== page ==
Around the Web: A Week in Summary
The following information has been sourced by Business Brokerage Press for the benefit of the business brokerage community. The views of these articles do not necessarily represent the views of Business Brokerage Press. We hope you find this information helpful.
A recent article from Inc. entitled “Small-Business Acquisitions Pick Up Steam With High Demand for Thriving Businesses” discusses acquisition activity and opportunities for buyers coming out of Quarter 2 in light of COVID-19 economic conditions.
While the beginning of Quarter 2 saw widespread mandated closures of businesses and an abrupt pause on deal activity, the end of Quarter 2 saw businesses reopening and deal activity resuming. Some businesses have struggled, some have maintained a relatively normal financial picture, and some have thrived. This varying financial state of businesses has presented a variety of opportunities for buyers.
Essential businesses may be appealing to buyers due to their resilience and growth opportunities. However, buyers may have to pay a premium for these businesses.
Distressed businesses are those that are facing financial challenges but may be able to rebound over time. These businesses may be appealing to patient buyers who are prepared to meet cash flow shortages and are looking to buy at a discount.
Some businesses may be forced to conduct an asset sale, presenting an opportunity for buyers to acquire prime real estate, FF&E, inventory, and other material assets.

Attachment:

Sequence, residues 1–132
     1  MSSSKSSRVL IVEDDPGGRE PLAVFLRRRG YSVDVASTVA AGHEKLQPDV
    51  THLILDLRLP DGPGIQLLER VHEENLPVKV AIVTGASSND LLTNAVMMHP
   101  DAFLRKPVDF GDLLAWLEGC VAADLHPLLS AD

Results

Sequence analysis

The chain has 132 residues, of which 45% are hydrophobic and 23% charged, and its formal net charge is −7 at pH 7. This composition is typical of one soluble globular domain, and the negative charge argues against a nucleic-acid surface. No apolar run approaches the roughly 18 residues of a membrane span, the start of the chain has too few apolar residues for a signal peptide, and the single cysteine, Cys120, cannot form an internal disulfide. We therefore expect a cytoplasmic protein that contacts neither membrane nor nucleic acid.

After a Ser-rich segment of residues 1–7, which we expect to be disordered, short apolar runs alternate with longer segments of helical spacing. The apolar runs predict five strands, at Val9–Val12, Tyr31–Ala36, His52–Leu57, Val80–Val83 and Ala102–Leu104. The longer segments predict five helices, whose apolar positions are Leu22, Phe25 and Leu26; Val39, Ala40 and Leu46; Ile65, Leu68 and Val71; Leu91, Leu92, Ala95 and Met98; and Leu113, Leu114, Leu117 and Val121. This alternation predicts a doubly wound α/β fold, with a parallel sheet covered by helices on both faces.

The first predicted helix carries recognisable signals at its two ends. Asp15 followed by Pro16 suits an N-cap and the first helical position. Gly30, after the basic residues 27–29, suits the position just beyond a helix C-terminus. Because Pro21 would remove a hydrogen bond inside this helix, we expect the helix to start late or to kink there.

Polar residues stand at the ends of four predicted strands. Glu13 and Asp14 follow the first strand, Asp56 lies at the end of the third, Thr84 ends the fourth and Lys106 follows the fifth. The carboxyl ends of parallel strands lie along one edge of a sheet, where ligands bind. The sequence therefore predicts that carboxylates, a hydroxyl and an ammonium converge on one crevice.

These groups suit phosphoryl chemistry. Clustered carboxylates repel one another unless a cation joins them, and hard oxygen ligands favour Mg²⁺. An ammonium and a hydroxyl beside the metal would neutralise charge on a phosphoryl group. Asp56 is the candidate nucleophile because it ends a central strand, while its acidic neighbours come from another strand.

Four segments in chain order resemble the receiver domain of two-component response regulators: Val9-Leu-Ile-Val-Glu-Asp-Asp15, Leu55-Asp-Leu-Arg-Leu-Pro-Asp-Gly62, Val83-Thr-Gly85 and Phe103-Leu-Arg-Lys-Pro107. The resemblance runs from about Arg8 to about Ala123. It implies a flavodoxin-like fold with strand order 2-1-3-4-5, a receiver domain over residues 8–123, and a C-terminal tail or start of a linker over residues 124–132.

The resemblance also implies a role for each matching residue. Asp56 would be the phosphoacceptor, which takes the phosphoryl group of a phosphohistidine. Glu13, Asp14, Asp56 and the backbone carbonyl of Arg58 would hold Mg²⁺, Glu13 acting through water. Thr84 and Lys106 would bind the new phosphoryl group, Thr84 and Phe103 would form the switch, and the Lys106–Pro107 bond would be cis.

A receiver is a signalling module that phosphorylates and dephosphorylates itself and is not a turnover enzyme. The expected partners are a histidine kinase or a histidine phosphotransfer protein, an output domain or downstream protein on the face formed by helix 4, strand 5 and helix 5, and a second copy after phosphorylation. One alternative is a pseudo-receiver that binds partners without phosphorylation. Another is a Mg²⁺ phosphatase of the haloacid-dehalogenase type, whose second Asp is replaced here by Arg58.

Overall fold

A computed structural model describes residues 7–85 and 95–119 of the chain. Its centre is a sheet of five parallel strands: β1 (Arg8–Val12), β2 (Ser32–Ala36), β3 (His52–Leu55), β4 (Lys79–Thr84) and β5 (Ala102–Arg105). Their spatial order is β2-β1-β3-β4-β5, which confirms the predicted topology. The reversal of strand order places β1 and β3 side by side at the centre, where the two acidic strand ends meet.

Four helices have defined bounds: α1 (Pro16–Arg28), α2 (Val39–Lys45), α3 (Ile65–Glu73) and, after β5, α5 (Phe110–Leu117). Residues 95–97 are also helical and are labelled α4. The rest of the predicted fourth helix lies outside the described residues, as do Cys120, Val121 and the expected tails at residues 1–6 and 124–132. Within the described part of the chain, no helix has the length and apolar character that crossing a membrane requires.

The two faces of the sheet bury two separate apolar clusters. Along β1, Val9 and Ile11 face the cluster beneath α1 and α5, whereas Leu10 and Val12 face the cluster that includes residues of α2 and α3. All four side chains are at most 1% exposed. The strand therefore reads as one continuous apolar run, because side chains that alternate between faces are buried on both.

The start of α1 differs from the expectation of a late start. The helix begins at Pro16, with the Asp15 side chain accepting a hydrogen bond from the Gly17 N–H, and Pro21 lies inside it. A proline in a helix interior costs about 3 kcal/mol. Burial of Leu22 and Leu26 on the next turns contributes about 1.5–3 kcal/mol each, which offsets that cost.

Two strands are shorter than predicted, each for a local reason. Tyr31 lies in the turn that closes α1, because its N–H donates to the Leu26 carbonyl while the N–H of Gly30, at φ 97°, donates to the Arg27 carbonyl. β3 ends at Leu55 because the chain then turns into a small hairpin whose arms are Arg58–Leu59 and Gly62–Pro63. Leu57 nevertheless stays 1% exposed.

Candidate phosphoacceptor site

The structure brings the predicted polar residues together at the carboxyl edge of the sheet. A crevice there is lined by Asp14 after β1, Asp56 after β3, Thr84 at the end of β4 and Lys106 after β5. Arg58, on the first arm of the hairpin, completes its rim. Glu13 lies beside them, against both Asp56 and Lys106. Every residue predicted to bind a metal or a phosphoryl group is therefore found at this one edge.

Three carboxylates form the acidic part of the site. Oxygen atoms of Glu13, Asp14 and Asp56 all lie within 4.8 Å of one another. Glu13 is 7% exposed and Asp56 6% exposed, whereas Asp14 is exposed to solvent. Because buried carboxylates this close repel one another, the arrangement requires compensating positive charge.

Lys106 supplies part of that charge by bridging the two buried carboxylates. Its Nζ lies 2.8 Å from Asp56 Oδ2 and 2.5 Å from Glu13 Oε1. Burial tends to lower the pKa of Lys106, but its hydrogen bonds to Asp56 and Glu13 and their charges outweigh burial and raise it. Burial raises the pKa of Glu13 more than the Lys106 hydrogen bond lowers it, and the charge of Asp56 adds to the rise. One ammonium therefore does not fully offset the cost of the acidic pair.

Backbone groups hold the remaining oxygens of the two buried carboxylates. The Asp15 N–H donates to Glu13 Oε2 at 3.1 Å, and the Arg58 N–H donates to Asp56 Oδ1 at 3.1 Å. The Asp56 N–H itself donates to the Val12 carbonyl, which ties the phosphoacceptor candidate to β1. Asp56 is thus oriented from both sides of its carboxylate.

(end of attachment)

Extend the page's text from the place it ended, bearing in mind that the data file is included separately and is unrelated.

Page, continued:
A recent article from Financial Planning entitled “5 tips for helping business owners sell during a pandemic” offers advice for business owners who have decided that now is the time for them to exit their businesses.
This advice includes:
- Know the company’s valuation
- Focus on cash flow
- Engage employees and tap into their growth ideas
- Avoid shiny new business opportunities and focus on long-term growth
- Focus on the four intangible capitals – human, social, customer, structural
A recent article from Herald-Tribune entitled “Are you ready to sell your business?” discusses what motivates business owners to sell, what selling options exist, and why so many businesses never sell.
Push factors that lead to the decision to sell include cashing out, peaked market, need to diversify, health concerns, retirement, stress and boredom. Pull factors include philanthropy, starting a new business, hobbies, improving health, family and travel. In general, the presence of more push factors than pull factors is more likely to lead to regret after the sale.
Selling options include an outright sale, transferring ownership to a team, selling only part of the business, transitioning to children, and liquidation.
Of businesses that survive ten years, more than half will never sell and instead shut down. Businesses may not sell due to unreasonable buyer or seller demands, seller misrepresentation, economic uncertainty, lack of capital to finance, insufficient cash flow, no market, or a valuation gap in pricing.